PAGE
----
Manually Remove SNMP Community Names
Note: The following workaround is only effective until the device is
reloaded. Upon each reload of the device this workaround must be re-applied.
Cisco encourages performing a Cisco IOS Software upgrade as a permanent fix for
Log in to the device, and enter configuration mode. Enter the following
no snmp-server community public RO
no snmp-server community private RW
Saving the configuration will update the start-up configuration files;
however the hard-coded community names will be reinserted to the running
configuration when the device reloads. This workaround must be applied each
time the device is reloaded.
Automatically Remove SNMP Community Names
By creating an Embedded Event Manager (EEM) policy, it is possible to
automatically remove the hard-coded SNMP community names each time the device
is reloaded. The following example shows an EEM policy that runs each time the
device is reloaded and removes the hard-coded SNMP community names.
event manager applet cisco-sa-20100707-snmp
event timer countdown time 30
action 10 cli command "enable"
action 20 cli command "configure terminal"
action 30 cli command "no snmp-server community public RO"
action 40 cli command "no snmp-server community private RW"
action 50 cli command "end"
action 60 cli command "disable"
action 70 syslog msg "Hard-coded SNMP community names as per Cisco Security Advisory cisco-sa-20100707-snmp removed"
For more information on EEM policies consult the Cisco IOS Network
Management Configuration Guide - Embedded Event Manager Overview at the
Infrastructure Access Control Lists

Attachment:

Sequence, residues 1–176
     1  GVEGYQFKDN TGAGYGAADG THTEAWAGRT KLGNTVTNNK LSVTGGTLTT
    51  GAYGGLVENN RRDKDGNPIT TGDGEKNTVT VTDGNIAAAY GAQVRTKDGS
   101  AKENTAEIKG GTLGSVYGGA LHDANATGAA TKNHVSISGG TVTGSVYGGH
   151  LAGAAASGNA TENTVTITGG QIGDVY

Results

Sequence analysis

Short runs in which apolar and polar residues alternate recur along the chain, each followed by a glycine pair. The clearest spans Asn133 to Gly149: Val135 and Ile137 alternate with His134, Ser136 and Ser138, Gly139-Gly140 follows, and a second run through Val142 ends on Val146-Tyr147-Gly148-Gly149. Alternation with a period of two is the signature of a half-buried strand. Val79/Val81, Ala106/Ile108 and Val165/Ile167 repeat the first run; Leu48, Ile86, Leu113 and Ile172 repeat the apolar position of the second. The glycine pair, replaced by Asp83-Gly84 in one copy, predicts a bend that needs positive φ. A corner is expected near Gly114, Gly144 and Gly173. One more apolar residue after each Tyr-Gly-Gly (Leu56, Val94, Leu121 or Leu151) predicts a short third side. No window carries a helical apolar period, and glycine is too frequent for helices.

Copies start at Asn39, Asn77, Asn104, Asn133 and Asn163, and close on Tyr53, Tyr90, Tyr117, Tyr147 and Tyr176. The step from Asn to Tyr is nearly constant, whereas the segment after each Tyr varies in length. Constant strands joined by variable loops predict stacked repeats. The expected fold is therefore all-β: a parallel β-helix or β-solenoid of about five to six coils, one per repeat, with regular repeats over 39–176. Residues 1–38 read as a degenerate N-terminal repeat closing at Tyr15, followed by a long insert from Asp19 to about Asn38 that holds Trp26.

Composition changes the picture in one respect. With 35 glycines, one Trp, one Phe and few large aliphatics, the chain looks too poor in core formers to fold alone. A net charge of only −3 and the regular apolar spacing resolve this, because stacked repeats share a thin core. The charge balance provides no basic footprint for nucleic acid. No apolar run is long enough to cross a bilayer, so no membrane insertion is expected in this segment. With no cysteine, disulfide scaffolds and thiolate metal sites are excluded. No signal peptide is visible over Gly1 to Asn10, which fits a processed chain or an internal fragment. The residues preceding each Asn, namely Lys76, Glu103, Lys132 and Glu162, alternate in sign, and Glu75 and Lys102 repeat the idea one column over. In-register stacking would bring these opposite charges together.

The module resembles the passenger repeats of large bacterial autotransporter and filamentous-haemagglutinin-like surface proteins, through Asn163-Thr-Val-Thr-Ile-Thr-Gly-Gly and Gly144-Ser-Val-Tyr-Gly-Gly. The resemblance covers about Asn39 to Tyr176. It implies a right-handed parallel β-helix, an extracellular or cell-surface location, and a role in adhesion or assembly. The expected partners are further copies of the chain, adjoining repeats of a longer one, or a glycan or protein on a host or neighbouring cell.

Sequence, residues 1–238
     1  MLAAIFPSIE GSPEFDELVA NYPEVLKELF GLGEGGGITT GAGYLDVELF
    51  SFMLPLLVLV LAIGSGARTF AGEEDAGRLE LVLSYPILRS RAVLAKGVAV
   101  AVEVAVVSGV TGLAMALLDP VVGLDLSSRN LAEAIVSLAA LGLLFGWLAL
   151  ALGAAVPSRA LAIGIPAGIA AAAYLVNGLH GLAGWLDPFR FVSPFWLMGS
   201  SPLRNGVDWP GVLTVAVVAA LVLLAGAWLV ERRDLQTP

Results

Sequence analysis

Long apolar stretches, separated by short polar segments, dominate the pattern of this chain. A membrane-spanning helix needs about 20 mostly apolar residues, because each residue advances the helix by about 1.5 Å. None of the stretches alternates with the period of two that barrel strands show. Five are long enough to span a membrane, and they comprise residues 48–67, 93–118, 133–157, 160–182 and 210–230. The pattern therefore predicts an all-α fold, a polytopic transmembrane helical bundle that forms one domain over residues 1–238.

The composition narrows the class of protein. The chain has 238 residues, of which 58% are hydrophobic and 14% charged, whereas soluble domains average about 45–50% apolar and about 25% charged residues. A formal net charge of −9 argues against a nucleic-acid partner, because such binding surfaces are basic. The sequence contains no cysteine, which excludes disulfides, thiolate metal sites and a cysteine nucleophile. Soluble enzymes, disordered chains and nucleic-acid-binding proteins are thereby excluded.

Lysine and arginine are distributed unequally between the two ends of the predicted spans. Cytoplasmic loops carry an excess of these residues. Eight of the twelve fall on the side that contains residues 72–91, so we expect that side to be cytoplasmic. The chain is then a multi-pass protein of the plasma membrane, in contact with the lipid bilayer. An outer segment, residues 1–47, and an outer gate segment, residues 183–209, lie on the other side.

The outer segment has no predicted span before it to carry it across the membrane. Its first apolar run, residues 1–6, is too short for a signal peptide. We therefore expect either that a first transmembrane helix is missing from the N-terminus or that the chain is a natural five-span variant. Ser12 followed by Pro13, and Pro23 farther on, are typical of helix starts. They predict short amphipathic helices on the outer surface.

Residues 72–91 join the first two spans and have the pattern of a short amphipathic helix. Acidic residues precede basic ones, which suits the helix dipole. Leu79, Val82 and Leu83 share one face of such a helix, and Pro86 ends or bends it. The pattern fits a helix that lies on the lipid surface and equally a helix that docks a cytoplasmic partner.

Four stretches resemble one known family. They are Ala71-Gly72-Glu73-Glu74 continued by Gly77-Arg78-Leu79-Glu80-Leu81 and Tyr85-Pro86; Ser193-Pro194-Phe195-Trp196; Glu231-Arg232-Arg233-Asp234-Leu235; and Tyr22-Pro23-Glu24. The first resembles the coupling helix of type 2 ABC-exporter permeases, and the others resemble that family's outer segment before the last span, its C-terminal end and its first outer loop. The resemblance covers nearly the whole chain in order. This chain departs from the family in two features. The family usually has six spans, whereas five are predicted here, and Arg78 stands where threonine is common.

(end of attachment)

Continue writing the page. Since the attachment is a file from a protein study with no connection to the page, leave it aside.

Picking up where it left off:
Although it is often difficult to block traffic that transits a
network, it is possible to identify traffic that should never be allowed to
target infrastructure devices and block that traffic at the device interface or
the border of networks.
If SNMP management is not required on the IE3000, then dropping all
SNMP traffic to the device is a sufficient workaround. The iACL below shows an
example of an IE3000 with two interfaces configured with layer 3 access,
dropping all SNMP queries destined to the IE3000:
!--- Deny SNMP traffic from all other sources destined to
!--- configured IP addresses on the IE3000.
access-list 150 deny udp any host 192.168.0.1 eq snmp
access-list 150 deny udp any host 192.168.1.1 eq snmp
!--- Permit/deny all other Layer 3 and Layer 4 traffic in
!--- accordance with existing security policies and configurations
!--- Permit all other traffic to transit the device.
access-list 150 permit ip any any
!--- Apply access-list to all Layer 3 interfaces
!--- (only two examples shown)
ip address 192.168.0.1 255.255.255.0
ip access-group 150 in
ip address 192.168.1.1 255.255.255.0
ip access-group 150 in
The white paper "Protecting Your Core: Infrastructure Protection Access
Control Lists" presents guidelines and recommended deployment techniques for
infrastructure protection access lists. This white paper can be obtained at the